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Thanks to Mike the Dude for providing this community space and letting me in.

Name: Peter

Age: Old

Sex: Yes Orientation: Gay

Skill level: Decent editor with no identifiable talent writing fiction; passionate and somewhat articulate when oversharing my views. I have written a very few short and plotless porn stories, sufficient to get my (creative) juices flowing, and the Nifty Archivist was kind enough to post them.

Hobby: Editing Wikipedia articles.

Frustration: Finding errors on web pages that are not wikis.

Editing skills: An innate (but not infallible) sense of when a word looks right, and when it seems to be misspelled. A shallow knowledge about a huge number of things, and the inclination to look up things that I don't know. Average ability to see when something in a story doesn't seem true to life.

Editing style: I track my changes, using the Review feature of MS Word or OpenOffice/LibreOffice Writer, so that the author can see each proposed change and decide which to accept. I add comments to explain, point out ambiguities, etc., and sometimes to link to web articles that explain a grammatical concept. I hope the process will help the author learn, as it does me, and I am very gratified if I see these changes reflected in chapters that are sent to me subsequently.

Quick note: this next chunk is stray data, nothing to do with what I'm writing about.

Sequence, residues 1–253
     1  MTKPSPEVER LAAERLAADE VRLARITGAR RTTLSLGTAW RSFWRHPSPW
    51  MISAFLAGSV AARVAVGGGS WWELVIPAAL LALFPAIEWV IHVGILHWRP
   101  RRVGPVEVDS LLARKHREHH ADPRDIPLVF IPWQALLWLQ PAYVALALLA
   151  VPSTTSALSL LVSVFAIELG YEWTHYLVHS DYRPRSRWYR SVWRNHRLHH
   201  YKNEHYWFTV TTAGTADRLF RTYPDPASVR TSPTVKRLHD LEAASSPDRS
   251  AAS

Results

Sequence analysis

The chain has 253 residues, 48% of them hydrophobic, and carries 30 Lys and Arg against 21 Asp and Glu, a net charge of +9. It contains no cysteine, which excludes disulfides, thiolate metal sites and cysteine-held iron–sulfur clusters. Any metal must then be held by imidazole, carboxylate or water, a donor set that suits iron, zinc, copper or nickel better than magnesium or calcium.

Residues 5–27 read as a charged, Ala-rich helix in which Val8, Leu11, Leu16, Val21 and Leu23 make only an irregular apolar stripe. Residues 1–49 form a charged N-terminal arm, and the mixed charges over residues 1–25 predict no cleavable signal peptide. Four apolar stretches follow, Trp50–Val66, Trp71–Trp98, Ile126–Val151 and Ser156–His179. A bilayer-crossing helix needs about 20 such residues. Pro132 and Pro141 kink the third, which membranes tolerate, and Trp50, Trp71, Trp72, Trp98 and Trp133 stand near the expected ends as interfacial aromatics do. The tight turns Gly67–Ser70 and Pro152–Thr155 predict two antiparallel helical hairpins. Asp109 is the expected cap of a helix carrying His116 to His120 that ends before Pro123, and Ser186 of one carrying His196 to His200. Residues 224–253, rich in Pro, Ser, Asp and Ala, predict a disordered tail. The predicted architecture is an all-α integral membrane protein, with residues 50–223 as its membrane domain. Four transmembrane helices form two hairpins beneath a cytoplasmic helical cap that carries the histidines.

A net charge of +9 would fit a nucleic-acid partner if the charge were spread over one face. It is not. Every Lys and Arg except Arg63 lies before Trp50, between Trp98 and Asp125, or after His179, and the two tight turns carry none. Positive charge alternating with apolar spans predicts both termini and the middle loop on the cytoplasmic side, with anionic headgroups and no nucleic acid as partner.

Favorite fora forums here: Writers' Workshop and Editor's Desk. (Hmmm—are there several writers and only one editor? See Frustration, supra above.)

Goals: Improve my writing and especially editing skills. Learn when and how to relax the rigid punctuation and grammar rules that I learned in my youth, without feeling as if I am completely selling out to the barbarians. Improve my ability to write dialogue like what people actually say.

Non-goal: Becoming a good enough fiction writer to create something that would be good enough for AD. I am in awe when I read wonderful stories by Chris James, Altimexis, Mihangel Hwntw, and many others here, and I gratefully celebrate the ability of those writers to create them.

Grammar preference: Prescriptive. However, I like to remind myself why the Appendix Probi, a late Roman list of correct and incorrect versions of words, is still important to students of Romance languages: all of the "incorrect" ones evolved into words that are now valiantly defended by royal language academies. Language changes.

Oxford comma: Usually, unless it creates ambiguity.

Punctuation inside quotation marks? Only if it is part of the quotation. That's a hard rule for me to follow, with American grammarians on the web still advising that periods and commas should always go inside, but the British (and the Wikipedia style guide) have this one right.

Subjunctive mood: Yes, please. Even the least educated speaker of Spanish knows how to use it correctly in that language. I lament that it is disappearing from English.

Singular "they": Ugh! If "he or she" is too awkward, the sentence can usely be recast without resorting to "they". But I know I'm on the losing side of this one, too.